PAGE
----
Secrets revealed in Dr Loh’s Fish Vetting Series.

There are no secrets in the treatment of fish diseases as seen in Dr Loh’s new YouTube channel < >.

You can learn more about how it is done with his practical manuals and instructional videos, available from his website (use your desktop computer).

This series of publications has helped promote fish health and welfare globally:

• Fish Vetting Essentials” (book)

• “Fish Vetting Medicines – Formulary of Fish Treatments” (book)

• “Fish Vetting Techniques & Practical Tips” (DVD).

Get your copies today and begin fish vetting with confidence.

Go to –

About the author:

As “The Fish Vet”, Dr Richmond Loh and his team across Australia provide veterinary, and
pathology services for a range of clients including pet fish, display aquaria, retailers and fish farmers.
He has been admitted to the Australian and New Zealand College of Veterinary Scientists by
examinations in the subjects of Pathobiology, and Aquatic Animal Health. He is a Certified Aquatic
Veterinarian and has been awarded the George Alexander International Fellowship by the
International Specialised Skills Institute.

Pertinent Posts:

• President of the World Aquatic Veterinary Medical Association (WAVMA, 2014)

• Secretary for the Aquatic Animal Health Chapter of the Australian and New Zealand College
of Veterinary Scientists (ANZCVS, 2015)

• Senior Adjunct Lecturer at Murdoch University

• WAVMA Webinar co-ordinator/moderator (2013 to

The Fish Vet’s Services

The Fish Vet offers a comprehensive aquatic veterinary services in a range of locations across Australia. Our aquatic veterinarians are based in Perth (WA), Brunswick (Victoria), Sydney/Gosford (NSW) and Duffy (ACT). Our aquatic specialists are based in Townsville (Queensland) and in Singapore.


The Fish Vet, a one-stop-shop: there is no duplication of work, and no loss of time or information between management and consultant.

Services offered through The Fish Vet include:

  • Diagnosis and treatment for diseases
  • Management advice
  • Health certification
  • Supply of veterinary resources
  • Education and research

We service the following sectors:

  • Pet ornamentals (e.g. home aquariums, pond, aquaponics)
  • Display aquaria (e.g. public aquariums and zoos)
  • Commercial ornamentals (e.g. ornamental fish farms, retailers, wholesalers, exporters)
  • Education (e.g. universities, researchers, hobby groups)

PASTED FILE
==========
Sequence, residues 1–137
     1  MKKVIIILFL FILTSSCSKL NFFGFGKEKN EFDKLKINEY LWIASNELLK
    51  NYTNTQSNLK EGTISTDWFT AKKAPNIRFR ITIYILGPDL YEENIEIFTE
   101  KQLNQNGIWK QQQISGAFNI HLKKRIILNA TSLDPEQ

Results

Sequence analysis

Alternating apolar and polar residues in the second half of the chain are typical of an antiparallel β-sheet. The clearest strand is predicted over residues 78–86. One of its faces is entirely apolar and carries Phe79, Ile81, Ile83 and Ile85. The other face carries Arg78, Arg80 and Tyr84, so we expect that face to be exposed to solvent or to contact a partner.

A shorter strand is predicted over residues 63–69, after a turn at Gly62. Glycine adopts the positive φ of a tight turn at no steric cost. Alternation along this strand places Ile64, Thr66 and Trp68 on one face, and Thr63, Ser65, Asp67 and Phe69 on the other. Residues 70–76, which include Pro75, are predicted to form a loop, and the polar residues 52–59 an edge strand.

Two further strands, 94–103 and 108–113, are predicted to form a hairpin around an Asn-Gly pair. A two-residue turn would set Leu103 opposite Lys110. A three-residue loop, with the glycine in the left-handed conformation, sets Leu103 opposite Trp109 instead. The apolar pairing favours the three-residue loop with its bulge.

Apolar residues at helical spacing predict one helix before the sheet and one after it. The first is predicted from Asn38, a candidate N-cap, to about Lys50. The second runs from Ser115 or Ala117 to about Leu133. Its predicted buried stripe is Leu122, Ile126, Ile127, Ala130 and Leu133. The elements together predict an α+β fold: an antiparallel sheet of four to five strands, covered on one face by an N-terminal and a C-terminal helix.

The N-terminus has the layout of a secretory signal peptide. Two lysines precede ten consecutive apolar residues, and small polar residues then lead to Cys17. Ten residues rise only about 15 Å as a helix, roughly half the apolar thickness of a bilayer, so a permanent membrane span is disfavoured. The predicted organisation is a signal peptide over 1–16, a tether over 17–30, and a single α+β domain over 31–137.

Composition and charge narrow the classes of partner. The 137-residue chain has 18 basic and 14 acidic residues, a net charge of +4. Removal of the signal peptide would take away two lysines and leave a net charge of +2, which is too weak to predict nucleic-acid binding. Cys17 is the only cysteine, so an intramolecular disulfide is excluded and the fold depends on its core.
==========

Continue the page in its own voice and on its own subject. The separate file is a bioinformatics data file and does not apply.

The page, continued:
DOWNLOAD OUR SERVICES MANUAL –> TFV Services and Fees 2018-19

Fish Joke for Monday-itis: voice dictation

With so much to do, I’ve been using voice-dictation to write my reports.

There are a couple of words that I have constant trouble, trying to train it to type what I say.

See if you can guess what the words are:


brink your pussy

prank empathy

bronchial apathy


a parasites

her parasites

are packed sites

are patchy sites

have to sites

for patter sites

habitus sites

have had a site

a pizza sites

Can you guess what the words were?



Have a FINtastic week! R <+>{


Cephalopod arms, legs and tentacles!

Did you know…
Barring a few exceptions, octopuses have eight arms and no tentacles, while squid and cuttlefish have eight arms (or two “legs” and six “arms”) and two tentacles. The limbs of nautiluses, which number around 90 and lack suckers altogether, are called tentacles.


Fish Joke for Monday-itis: “FISH” redefined!

Check out the many meanings FISH can be in the urban dictionary!

Which one do you like best?

1. A drag queen term for a drag queen who looks like a real woman.

2. A new inmate at prison.

3. A new measurement system based on the ca. lenght of a fish (20cm).

4. An animal that lives in the water and swims.

5. Means “F4ck It Shit Happens!


Have a FINtastic week! R <+>{

Oscar fish survives house fire!

First, “Redd” our oscar cichlid fish succumbs to hole-in-the-head disease (HITH, usually ascribed to Hexamita flagellated protozoa). Just as he was on the road to recovery, his house caught on fire! How did he survive through these ordeals?

Watch Redd’s story here –

Be sure to subscribe to get udates of future uploads.

Watch ALL our videos –

Fish Joke for Monday-itis: fishy names.

True story…

While studying at university, I used to work at the local public aquarium (Underwater World) as a waiter. I had a boss by the name of Mr J. Sharkey!

One of my best friend’s name is Dr B. Gill!

And when I first started working as a veterinarian, I had a colleague by the name Dr Barry Munday!

And I was going to name my first son, Oscar!

My second son got the name Archer (fish)!

Have a FINtastic week! R <+>{

Carpinator quits

COTTON growers have backed the appointment of the so called ‘Carpinator’ to improve the environment of river systems in the Murray Darling Basin...

“The potential environmental outcomes of the National Carp Control Plan should be recognised by governments within the Murray Darling Basin Plan, and so we call for a significant reduction in the amount of water recovery required to achieve environmental outcomes,” Mr Murray said.